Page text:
Not long ago, Netflix released a film about the life of Pentecostal preacher Carlton Pearson who stopped believing in hell after he claimed that God spoke to him and revealed that Jesus’ death on the cross saves everyone in the world, including unbelievers. In fact, in an NPR interview Pearson asked, “How can mercy … and torment endure forever? One would cancel out the other.” But is this logic sound? What does the Bible really teach about the afterlife? On this program, Shane Rosenthal continues his conversation with St. Louis University professor Michael McClymond, author of The Devil’s Redemption.
If you want to understand the typical American making the average salary, you have to compare us to a king of the ancient world. We actually eat better than kings. I mean, one way to look at it is we’ve all become kind of kings in our mind and I think the culture of entitlement has even increased in the last 10 to 20 years on personal identity issues.Michael McClymond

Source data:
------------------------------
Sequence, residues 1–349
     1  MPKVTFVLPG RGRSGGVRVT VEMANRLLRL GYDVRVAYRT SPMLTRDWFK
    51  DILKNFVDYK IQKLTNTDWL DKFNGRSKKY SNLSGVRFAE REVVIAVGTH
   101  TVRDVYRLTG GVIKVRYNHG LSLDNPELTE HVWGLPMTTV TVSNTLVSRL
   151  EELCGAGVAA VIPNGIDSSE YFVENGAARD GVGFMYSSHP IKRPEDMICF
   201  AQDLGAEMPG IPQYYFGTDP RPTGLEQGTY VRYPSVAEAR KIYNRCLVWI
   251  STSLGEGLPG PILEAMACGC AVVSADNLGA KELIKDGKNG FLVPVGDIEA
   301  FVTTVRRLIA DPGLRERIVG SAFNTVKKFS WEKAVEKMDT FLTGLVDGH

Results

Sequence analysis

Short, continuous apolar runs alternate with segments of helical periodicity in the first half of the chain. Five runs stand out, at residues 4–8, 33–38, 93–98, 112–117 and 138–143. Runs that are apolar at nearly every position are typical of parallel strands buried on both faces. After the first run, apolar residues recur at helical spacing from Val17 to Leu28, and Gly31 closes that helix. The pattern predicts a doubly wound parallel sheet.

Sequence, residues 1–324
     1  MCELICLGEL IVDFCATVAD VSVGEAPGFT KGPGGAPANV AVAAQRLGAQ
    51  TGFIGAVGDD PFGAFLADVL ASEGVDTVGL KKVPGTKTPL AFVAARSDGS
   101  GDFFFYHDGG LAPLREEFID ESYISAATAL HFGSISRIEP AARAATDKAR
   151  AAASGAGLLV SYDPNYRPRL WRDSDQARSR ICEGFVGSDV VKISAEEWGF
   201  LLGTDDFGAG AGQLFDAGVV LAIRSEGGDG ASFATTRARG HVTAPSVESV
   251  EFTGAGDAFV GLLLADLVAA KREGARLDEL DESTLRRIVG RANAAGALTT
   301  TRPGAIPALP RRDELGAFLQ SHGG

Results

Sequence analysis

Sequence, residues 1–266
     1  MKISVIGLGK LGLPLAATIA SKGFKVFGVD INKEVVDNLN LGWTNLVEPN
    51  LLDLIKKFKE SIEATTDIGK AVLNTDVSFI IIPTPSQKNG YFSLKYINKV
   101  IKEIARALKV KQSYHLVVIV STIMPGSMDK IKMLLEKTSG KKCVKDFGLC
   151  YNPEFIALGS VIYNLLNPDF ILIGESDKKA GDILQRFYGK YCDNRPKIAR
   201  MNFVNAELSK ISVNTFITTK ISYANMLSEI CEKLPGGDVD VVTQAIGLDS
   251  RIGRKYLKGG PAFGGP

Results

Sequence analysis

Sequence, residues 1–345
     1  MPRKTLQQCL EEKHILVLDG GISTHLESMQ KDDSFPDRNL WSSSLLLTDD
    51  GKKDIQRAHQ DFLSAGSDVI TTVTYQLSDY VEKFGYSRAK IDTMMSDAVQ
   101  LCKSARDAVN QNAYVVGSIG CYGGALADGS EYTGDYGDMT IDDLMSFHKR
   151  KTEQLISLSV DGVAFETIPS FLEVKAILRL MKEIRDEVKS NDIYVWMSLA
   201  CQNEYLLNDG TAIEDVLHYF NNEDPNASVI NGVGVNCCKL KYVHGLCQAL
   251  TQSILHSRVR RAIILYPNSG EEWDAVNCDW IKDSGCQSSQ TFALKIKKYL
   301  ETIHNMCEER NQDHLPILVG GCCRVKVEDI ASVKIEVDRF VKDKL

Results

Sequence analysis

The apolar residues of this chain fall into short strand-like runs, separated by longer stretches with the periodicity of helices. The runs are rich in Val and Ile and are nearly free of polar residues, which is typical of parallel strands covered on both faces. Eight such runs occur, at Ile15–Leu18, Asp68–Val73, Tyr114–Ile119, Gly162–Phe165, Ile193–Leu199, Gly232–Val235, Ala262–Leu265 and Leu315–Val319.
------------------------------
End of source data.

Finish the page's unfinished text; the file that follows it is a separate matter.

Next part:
TERM TO LEARN
Scripture clearly presents heaven as a place. Christ ascended to heaven, which can only mean that he went from one place to another. It is described as the house of our Father with many mansions, John 14:1, and this description would hardly fit a condition. Moreover, believers are said to be within, while unbelievers are without, Matt. 22:12–13; 25:10–12. Scripture gives us reason to believe that the righteous will not only inherit heaven, but the entire new creation, Matt. 5:5; Rev. 21:1–3.
The fullness of this life is enjoyed in communion with God, which is really the essence of eternal life, Rev. 21:3. They will see God in Jesus Christ face to face, will find full satisfaction in him, will rejoice in him, and will glorify him. We should not think of the joys of heaven, however, as exclusively spiritual. There will be something corresponding to the body. There will be recognition and social intercourse on an elevated plane.
(Louis Berkhof, Systematic Theology, p. 737)